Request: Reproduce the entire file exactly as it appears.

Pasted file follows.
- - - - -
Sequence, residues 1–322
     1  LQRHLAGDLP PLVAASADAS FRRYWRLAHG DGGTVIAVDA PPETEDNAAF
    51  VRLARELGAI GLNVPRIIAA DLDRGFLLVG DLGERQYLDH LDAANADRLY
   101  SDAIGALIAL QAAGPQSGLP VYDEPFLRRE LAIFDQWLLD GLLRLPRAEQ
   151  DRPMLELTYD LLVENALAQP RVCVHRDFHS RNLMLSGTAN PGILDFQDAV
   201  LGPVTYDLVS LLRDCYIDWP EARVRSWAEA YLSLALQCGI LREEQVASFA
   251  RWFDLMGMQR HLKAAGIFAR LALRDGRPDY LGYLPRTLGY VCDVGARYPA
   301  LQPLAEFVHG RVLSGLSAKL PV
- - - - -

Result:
Sequence, residues 1–322
     1  LQRHLAGDLP PLVAASADAS FRRYWRLAHG DGGTVIAVDA PPETEDNAAF
    51  VRLARELGAI GLNVPRIIAA DLDRGFLLVG DLGERQYLDH LDAANADRLY
   101  SDAIGALIAL QAAGPQSGLP VYDEPFLRRE LAIFDQWLLD GLLRLPRAEQ
   151  DRPMLELTYD LLVENALAQP RVCVHRDFHS RNLMLSGTAN PGILDFQDAV
   201  LGPVTYDLVS LLRDCYIDWP EARVRSWAEA YLSLALQCGI LREEQVASFA
   251  RWFDLMGMQR HLKAAGIFAR LALRDGRPDY LGYLPRTLGY VCDVGARYPA
   301  LQPLAEFVHG RVLSGLSAKL PV